The first thing I did was look for a better UV light source. I possessed two at the time that I first heard this finding: one little dedicated flashlight that took three AAA batteries, and my powerful headlamp had a blue light option that also extended into UV range, as I could tell from the items that fluoresced under its beam. So, here I insert a word about fluorescence, which basically means, something that absorbs light and re-emits it, often at a different wavelength. For instance, most highlighting pens are actually UV fluorescent, which is what gives them their slightly unreal glow, and there are a few minerals that are naturally fluorescent, plus plenty of artificial items like high-visibility orange or green vests that road workers wear and so on. UV light is often known as “black” light, bordering on the outside edge of what we can see by eye, usually looking a deep, dim purple, but once it hits a fluorescent object you realize how much light is being put out by how much re-emits in a visible spectrum. And of course, there’s all that CSI stuff about finding bodily fluids and all that, which is true. But, different wavelengths have different effects, and since I had the lights to try and spot scorpions (my original intentions,) I did a little research into this, and found that the best results were obtained at 395 nanometers wavelength; shorter than that had a tendency to spook off the scorpions. Plus I wanted a flashlight that took 18650 rechargeable batteries like the headlamp, because they’re powerful and I had several already. So I ordered a new one.

It arrived during a spell when it got warmer at night, and I took it out for a spin after a few indoor tests. Near one of the bluebird boxes, I tried to turn it on and nothing happened, but I’d tested it earlier and it was fine. I remember disassembling it to see if I could switch the lens, because the beam was not exactly what I wanted, and I suspected that I’d slipped the contacts when I reassembled it so, standing out in the dark yard, I took it apart and put it back together, being rewarded by the eruption of the purple glow before it was even fully rescrewed. Aiming it up at the bluebird box, I was startled by the brilliant, two-tone neon pink face peering suspiciously out at me, which soon withdrew. I can’t emphasize the effect enough – the squirrel looked like a child’s toy, rendered in colors that were in no way natural, and there was a different level of emittance between that brown upper coat and the white undercoat; brown and white in natural light, of course, but middle pink and brilliant pink in UV. It was exhilarating.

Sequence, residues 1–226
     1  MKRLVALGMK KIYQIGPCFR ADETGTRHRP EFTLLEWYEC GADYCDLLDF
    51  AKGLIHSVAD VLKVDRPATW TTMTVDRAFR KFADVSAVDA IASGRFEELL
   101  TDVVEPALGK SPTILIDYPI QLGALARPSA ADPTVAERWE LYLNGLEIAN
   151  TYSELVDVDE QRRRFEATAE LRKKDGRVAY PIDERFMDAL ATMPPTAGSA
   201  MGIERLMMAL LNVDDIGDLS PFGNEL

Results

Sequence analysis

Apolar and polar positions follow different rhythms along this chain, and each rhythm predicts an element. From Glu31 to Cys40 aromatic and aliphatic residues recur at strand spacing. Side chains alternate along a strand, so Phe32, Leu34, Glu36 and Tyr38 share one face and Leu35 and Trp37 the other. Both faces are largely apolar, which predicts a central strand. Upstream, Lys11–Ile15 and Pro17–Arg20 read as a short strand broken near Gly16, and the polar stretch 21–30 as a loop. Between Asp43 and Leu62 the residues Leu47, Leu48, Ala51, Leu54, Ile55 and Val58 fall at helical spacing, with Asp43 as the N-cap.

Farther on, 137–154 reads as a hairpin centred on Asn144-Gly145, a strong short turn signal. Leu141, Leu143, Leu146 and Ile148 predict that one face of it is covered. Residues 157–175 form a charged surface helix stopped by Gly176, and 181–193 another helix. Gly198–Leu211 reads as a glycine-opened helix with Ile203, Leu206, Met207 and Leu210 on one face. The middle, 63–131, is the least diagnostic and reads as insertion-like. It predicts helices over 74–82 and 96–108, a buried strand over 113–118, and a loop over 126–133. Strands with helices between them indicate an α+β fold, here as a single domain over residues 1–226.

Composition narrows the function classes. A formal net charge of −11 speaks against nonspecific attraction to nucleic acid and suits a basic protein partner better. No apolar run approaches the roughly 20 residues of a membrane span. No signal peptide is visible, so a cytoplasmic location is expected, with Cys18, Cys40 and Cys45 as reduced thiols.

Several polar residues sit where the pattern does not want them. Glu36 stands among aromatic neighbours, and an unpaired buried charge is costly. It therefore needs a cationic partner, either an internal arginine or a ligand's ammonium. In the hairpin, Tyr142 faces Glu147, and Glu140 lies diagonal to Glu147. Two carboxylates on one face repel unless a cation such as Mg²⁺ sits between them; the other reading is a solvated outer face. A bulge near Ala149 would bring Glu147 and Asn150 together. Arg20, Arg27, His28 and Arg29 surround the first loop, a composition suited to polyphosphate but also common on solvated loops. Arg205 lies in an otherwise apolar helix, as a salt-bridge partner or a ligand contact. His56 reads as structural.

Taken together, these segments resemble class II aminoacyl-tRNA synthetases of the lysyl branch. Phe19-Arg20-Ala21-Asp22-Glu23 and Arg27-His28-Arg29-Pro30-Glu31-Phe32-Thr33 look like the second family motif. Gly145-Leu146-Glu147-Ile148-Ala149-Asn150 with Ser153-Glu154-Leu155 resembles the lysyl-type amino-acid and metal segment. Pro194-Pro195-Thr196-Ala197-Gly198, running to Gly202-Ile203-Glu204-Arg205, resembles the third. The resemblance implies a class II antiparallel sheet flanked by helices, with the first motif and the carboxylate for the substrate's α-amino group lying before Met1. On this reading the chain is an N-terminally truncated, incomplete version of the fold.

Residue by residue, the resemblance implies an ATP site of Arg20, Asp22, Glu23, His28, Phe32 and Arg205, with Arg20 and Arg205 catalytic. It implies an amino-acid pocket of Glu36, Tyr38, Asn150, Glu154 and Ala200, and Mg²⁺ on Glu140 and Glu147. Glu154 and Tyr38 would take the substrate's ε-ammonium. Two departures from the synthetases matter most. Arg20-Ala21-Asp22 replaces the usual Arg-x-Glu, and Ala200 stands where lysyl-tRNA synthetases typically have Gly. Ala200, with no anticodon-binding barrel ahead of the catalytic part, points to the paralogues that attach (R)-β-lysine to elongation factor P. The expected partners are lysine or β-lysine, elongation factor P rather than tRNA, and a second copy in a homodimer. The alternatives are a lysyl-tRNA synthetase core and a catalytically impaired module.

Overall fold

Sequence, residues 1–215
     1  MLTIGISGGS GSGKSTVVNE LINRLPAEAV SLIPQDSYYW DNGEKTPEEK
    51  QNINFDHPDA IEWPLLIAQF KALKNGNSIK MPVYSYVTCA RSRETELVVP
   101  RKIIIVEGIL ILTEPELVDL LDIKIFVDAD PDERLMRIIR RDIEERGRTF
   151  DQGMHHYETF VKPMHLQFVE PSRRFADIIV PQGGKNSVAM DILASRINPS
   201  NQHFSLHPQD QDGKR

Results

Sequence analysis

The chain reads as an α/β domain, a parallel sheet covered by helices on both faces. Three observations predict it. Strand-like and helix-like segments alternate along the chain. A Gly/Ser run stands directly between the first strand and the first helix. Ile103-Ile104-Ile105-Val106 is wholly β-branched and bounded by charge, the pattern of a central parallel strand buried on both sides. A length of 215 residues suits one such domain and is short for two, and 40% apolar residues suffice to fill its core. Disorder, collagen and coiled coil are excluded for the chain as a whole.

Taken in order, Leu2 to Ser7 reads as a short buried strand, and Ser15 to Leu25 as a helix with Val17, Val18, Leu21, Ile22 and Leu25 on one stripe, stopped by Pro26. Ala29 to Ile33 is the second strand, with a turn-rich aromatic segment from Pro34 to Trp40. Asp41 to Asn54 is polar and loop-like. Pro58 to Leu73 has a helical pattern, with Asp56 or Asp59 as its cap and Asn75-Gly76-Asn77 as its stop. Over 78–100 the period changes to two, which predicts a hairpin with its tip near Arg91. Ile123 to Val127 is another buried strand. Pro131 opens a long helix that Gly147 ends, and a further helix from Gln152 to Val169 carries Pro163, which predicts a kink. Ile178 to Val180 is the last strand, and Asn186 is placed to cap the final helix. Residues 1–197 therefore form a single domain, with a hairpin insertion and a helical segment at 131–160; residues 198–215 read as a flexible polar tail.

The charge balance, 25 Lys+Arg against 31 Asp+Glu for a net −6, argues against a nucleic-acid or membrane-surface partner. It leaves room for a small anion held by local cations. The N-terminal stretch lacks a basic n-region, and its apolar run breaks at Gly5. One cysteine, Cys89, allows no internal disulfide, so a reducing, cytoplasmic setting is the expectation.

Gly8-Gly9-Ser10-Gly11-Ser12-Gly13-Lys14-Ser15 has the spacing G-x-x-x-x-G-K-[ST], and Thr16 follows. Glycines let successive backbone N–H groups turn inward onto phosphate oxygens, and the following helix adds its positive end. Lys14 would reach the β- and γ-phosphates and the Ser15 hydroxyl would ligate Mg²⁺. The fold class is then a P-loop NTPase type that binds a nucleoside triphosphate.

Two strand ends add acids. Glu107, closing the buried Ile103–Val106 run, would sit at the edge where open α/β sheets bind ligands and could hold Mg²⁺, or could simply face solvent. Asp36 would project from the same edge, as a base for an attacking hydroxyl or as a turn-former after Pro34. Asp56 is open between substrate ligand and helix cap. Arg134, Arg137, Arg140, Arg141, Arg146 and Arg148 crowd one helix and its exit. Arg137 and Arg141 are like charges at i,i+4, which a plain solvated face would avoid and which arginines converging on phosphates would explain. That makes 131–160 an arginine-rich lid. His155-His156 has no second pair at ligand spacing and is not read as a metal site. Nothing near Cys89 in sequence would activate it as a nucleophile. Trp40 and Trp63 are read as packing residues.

But only proof of effect. Photographing this was going to take something else. I knew the light was going to be dim, so a decent exposure would take some time; at least a second, possibly several, and during that time I’d be expecting the squirrel to hold still and give me a sharp image. Yeah, fat chance – they’re shy, but as hyperactive as the average grey squirrel. This might take quite a few tries. In the meantime, fired up by the success of the first test, I wandered around for a little to see what else might pop up under the UV beam, because I’d already discovered before that a few arthropods, and some saps and fungi, fluoresced nicely. So I checked out the yard, and wandered down to the nearby pond.